Connor has been a great blessing to all of us this Christmas. What a miracle every child is! It has been incredible for me to reflect this Christmas....with Connor coming onto the scene...upon the sheer reality of Christmas...the Incarnation....God becoming man. God came into the world...just as Connor did (well...probably not a Cesarian Section...but still) and every other person ever to live---as a new born child--naked, crying, helpless, relying on his parents for everything, eyes shut, a marvel to behold. What a mystery this is! What a mystery each child is! What a mystery this life we live!

Finally, as concerns Connor, you may have just seen Connor dressed in Regalia of the University of Florida in one of the albums. However, may I present Connor in his Champion's Clothing...revealing his true colors:


CHRISTMAS RECAP:

For the first 10 days of Christmas break, myself and 3 other Mobilians decided to fly to Madrid, rent a car, and drive around the Southern region of Spain called Andalucia.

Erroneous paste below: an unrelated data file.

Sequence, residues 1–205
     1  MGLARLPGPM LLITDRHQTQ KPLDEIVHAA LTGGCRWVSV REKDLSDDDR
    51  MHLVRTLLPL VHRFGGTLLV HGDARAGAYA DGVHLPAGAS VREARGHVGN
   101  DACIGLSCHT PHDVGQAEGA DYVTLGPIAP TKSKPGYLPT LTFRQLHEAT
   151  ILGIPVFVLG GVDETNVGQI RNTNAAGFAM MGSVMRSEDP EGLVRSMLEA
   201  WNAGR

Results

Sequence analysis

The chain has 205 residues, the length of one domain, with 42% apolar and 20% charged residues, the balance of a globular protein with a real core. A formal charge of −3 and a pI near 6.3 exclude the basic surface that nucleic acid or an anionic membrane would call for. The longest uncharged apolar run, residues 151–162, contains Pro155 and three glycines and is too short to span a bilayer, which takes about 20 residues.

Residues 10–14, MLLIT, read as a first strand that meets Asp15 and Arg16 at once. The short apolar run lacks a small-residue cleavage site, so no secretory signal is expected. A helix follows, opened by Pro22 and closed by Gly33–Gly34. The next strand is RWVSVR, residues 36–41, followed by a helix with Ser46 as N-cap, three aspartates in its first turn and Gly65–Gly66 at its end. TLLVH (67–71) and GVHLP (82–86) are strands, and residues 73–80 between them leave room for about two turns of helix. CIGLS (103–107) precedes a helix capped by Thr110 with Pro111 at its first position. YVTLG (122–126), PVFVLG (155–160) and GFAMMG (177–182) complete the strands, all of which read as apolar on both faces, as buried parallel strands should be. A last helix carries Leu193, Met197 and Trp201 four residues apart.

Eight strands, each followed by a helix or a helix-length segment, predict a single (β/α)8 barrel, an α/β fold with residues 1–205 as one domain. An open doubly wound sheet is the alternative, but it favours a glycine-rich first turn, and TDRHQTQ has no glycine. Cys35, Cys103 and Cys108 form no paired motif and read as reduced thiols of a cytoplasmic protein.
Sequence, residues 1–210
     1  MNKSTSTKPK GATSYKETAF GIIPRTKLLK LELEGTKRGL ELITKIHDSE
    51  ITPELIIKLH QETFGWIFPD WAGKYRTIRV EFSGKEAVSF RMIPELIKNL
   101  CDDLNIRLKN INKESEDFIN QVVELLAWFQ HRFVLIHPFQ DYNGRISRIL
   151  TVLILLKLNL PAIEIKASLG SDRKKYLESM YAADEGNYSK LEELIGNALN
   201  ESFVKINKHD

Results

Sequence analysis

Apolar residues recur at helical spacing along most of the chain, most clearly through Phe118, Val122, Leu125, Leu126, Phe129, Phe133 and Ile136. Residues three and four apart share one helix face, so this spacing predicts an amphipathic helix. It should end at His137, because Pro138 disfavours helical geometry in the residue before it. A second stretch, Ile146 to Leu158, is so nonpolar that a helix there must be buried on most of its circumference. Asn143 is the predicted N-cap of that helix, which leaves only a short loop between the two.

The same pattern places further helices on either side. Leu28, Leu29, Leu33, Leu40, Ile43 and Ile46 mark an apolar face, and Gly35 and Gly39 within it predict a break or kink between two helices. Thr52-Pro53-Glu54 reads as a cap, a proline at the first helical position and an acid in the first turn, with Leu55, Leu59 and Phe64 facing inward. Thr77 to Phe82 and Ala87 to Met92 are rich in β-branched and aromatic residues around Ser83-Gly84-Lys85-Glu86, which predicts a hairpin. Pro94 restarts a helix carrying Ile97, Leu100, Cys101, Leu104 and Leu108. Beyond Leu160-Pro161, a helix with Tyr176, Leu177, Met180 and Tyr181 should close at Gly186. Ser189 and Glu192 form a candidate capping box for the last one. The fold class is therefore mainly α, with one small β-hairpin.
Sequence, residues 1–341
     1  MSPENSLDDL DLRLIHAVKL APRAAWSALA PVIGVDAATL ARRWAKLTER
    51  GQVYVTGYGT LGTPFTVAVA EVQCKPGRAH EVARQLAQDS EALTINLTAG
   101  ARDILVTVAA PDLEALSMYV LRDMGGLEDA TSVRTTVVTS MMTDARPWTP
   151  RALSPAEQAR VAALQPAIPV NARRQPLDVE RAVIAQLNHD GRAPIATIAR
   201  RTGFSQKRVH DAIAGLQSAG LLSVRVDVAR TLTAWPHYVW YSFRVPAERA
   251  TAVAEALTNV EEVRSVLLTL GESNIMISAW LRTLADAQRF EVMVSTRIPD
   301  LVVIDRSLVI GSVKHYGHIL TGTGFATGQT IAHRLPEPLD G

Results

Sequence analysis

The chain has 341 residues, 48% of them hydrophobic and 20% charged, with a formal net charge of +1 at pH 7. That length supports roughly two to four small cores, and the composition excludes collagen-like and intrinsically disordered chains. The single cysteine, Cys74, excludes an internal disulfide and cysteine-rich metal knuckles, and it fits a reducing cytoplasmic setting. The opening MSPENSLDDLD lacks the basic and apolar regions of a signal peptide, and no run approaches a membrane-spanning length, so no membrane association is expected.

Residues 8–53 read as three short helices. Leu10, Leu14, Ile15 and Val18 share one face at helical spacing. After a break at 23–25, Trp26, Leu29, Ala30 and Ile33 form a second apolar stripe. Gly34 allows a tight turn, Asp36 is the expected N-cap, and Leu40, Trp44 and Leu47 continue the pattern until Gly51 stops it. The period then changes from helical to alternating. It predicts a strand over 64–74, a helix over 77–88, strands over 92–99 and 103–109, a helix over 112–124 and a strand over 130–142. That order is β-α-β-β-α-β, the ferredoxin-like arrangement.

Here are the guys I traveled with:

Steven Vrazel:


Travis Burnett:


Patrick Arensberg:



We met briefly before we left to discuss some places that we would like to visit. But on the whole, we decided to make the trip kind of like a pilgrimage--relying on the hospitality of others and God's Providence to flesh out the details of our trip.

Each juncture of our journey, my three companions would do some Google-researching to find the number of the Cathedral and/or nearby Catholic parish of the town we were heading and I would call and ask if there was a place for wandering seminarians to stay for a day or so.